Embraer is on course to decide on the launch of an all-new advanced turboprop airliner within the next year but warns that the decision hinges on the approval of its joint venture with Boeing.
The Brazilian manufacturer is two years into a three-year study covering the creation of a family of large turboprops similar in size to the ATR 72, Embraer Commercial Aviation chief executive John Slattery told FlightGlobal during aviation finance week in Dublin.
But he adds that it is crucial that the ongoing probe by the European Commission into the proposed tie-up with Boeing is cleared: “In essence – no JV, no TP [turboprop],” he says.
The joint venture, which will see Boeing take a majority stake in Embraer’s commercial aviation division, has been signed off by all anti-trust authorities other than Brazil and the EU. It had been expected to be cleared to go ahead last year until the European Commission “stopped the clock” on its investigation as it had not received all the information requested from the two OEMs.
“In the case of Brazil, it was signalled before Christmas that the regulatory authority was predisposed to seeing an approval materialize early in the new year,” says Slattery. “We’re hopeful that will happen, and expect that to happen with no conditionality associated with it, which is exactly the form of approval from every jurisdiction we have received so far.”
Slattery says that the EU clock has “restarted” now that it has all the required information, and that the revised target date for the go-ahead is 30 April. This would clear the path to a decision on the turboprop.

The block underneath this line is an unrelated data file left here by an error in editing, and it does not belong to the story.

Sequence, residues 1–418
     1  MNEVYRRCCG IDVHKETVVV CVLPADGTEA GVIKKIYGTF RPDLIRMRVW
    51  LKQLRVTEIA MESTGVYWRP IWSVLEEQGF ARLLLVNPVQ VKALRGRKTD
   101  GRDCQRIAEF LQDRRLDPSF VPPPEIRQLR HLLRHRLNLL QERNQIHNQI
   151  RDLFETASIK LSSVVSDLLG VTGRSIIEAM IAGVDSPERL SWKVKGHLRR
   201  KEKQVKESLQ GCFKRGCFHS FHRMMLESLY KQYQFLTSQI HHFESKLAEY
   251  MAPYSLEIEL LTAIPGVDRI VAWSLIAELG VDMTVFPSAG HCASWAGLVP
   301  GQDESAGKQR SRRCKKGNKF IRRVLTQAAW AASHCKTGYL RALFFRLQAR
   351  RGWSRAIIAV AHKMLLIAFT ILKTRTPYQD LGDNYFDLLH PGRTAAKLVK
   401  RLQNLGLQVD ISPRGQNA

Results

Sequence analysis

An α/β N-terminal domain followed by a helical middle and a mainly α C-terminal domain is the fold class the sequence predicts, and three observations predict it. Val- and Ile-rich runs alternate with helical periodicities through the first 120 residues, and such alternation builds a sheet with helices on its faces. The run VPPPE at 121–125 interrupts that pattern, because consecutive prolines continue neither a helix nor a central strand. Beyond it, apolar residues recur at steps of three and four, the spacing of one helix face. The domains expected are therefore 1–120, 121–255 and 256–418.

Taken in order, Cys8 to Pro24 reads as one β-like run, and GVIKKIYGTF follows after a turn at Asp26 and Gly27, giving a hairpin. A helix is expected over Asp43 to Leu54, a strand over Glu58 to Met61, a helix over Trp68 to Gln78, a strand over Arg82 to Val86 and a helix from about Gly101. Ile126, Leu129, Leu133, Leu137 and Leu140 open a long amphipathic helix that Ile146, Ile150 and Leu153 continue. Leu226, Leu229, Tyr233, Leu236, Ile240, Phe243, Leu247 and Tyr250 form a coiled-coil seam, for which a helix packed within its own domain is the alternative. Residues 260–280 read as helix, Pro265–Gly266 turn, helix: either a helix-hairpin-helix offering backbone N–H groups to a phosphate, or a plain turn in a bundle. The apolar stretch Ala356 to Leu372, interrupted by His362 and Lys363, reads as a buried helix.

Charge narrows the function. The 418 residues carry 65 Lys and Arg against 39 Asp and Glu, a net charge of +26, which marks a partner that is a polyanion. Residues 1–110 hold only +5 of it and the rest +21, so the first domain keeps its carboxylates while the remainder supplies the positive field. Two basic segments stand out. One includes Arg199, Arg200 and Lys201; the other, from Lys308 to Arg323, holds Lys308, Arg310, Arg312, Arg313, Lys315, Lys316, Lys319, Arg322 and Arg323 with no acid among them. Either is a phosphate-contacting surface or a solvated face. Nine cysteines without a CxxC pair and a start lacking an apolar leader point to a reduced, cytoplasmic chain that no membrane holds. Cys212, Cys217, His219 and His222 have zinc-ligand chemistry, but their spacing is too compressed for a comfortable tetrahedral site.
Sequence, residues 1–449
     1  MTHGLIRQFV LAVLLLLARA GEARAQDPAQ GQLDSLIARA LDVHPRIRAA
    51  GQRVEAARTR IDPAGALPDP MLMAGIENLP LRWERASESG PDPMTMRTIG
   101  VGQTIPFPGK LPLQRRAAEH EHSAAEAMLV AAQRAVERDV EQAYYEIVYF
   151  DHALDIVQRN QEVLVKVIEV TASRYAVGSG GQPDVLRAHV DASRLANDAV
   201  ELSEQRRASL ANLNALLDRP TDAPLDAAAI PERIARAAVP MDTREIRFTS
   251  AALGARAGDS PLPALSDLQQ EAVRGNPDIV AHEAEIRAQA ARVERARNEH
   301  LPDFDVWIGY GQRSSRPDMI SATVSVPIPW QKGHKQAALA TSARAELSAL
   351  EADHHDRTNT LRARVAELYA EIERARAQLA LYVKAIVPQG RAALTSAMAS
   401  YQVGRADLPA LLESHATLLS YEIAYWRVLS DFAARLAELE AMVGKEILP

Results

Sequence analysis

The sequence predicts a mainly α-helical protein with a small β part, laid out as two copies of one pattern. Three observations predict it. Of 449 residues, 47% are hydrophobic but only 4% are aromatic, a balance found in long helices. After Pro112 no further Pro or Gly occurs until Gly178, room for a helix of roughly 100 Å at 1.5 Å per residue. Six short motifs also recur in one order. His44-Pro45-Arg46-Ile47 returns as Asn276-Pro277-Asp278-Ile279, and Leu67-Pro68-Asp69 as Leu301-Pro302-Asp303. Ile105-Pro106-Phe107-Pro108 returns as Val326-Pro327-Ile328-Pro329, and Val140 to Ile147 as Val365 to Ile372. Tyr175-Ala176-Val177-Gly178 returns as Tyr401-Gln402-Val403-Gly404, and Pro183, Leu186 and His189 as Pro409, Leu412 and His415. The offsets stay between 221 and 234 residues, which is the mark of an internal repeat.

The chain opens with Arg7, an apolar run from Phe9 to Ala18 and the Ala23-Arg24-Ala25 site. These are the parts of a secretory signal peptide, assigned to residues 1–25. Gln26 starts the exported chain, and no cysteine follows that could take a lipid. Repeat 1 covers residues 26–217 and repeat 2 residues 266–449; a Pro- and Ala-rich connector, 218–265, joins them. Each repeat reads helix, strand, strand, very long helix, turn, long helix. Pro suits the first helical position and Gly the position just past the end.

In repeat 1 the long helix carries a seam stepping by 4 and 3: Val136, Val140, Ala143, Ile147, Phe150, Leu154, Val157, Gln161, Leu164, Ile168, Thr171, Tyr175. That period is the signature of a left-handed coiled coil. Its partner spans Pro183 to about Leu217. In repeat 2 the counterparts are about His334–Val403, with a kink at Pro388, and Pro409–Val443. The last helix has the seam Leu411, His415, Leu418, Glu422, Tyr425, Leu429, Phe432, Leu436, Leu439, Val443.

“I’m hopeful that by the end of this year we would be able to make a definitive position on the turboprop,” he says. “However, neither I nor my board will have appetite to move forward with the turboprop unless the joint venture has materialised.”
Slattery points out that following approval of the JV, if Embraer decided to go ahead with the all-new turboprop it would provide an all-new competitor to the ATR family: “There is today an effective monopoly with ATR, which of course is 50% owned by Airbus.
“The market wants a competitive counter-point to the ATR, and if we did make the move I expect ATR would respond – whether it’s with either an improved ATR or a clean-sheet design. And the beneficiaries of that are the operators…and the environment.”
Slattery says that Embraer is studying a two-aircraft family and is in dialogue with “three” engine manufacturers about a powerplant. “We are now in that bridge phase moving from RFI [request for information] to RFP [request for proposals] with the manufacturers, with the intention of selecting one.”
He adds that wind-tunnel testing will begin this year as the study enters the final phase. Slattery estimates that if the decision to launch the turboprop on its current planned schedule, the target in-service date would be “quarter four 2025, quarter one 2026”.